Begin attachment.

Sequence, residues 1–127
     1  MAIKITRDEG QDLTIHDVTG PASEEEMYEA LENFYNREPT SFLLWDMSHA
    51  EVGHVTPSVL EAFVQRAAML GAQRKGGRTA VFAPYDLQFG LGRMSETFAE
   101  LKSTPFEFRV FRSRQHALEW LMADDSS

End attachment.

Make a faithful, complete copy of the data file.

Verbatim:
Sequence, residues 1–127
     1  MAIKITRDEG QDLTIHDVTG PASEEEMYEA LENFYNREPT SFLLWDMSHA
    51  EVGHVTPSVL EAFVQRAAML GAQRKGGRTA VFAPYDLQFG LGRMSETFAE
   101  LKSTPFEFRV FRSRQHALEW LMADDSS